I grew up in the Dale-Selby neighborhood of Saint Paul. To be more
exact, we lived in the upstairs of a duplex just off the corner of Dayton
and St. Albans, one block from Dale and one block from Selby.
When I see sweet potatoes, I often think of Deborah Torraine. Deb
was a community organizer in the Twin Cities. She always referred
to herself as a cultural worker; she was a mentor to new and
emerging artists, and the Director of Community Engagement for
the Saint Paul Almanac.
Driving back from the reservation, I cross a small bridge into Saint Paul. I feel the troubled waters. I think of my grandfather’s people,the Dakota. I think of how they lived by the water, how they made fire by the water.
“The biggest tragedy is those people that don't have the arts in their life. They go to work and come home and don't do anything.”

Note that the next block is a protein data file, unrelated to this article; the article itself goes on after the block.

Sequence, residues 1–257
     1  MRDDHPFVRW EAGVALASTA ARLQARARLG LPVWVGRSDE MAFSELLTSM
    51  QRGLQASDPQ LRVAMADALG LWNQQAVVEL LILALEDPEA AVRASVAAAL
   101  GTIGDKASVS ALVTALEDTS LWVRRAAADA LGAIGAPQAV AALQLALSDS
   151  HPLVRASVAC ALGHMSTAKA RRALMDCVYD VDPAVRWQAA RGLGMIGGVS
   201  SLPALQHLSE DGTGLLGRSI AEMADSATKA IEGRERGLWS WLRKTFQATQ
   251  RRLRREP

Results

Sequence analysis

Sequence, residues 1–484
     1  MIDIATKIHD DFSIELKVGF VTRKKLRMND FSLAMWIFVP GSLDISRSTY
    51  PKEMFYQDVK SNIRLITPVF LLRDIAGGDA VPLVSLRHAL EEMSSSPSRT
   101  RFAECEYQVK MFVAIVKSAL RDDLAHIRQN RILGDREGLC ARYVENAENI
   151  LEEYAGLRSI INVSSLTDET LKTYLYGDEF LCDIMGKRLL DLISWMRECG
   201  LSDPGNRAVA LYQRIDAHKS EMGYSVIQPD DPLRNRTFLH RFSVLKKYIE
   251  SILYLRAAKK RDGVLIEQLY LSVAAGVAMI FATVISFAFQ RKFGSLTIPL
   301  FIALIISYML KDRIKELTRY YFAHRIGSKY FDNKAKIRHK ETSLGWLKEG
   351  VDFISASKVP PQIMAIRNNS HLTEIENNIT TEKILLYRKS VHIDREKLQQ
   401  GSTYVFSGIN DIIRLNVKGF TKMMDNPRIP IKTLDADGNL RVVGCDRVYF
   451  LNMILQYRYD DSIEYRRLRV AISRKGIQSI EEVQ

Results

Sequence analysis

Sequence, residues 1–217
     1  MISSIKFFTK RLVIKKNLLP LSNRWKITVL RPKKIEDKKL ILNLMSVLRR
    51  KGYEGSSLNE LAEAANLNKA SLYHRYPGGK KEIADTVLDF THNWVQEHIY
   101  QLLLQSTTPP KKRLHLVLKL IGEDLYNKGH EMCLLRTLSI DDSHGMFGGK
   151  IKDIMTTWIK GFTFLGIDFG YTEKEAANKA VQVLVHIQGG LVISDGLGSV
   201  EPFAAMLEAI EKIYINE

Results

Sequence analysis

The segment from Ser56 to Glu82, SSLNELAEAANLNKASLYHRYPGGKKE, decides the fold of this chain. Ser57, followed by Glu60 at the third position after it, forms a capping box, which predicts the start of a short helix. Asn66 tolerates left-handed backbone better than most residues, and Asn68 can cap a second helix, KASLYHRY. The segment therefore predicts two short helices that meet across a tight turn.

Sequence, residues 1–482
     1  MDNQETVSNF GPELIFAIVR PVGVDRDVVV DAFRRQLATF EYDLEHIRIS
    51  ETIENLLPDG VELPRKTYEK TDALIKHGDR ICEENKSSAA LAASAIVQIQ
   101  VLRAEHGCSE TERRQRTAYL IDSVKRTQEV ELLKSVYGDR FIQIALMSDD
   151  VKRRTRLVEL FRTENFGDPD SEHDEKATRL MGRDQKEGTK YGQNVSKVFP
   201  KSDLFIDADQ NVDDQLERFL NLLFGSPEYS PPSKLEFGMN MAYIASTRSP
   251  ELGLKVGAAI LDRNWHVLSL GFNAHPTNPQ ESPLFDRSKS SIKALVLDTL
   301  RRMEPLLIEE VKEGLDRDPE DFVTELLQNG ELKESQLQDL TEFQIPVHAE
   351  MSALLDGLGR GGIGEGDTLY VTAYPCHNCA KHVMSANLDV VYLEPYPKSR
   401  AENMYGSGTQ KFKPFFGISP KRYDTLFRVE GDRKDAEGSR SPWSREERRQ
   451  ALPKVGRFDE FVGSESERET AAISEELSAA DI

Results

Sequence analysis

—Bryan Thao Worra, Laotian-American poet
“I do hope that in my blundering way through life I may in a small measure defend the dignity of common men and prove of some sustaining power to the suffering souls I meet... I have small faith in any man’s religion if he feels above those who are unfortunate.”
—L. C. Larry Ho Hodgson, Saint Paul mayor and poet
“Who does not love a Minnesota winter, with its clear bracing air—its blue sky and its life-giving atmosphere?... Fear not then, the blast of coming winter. Pile on the wood, let the cracking fire shed its heat while the Northwestern winds howl about our doors.”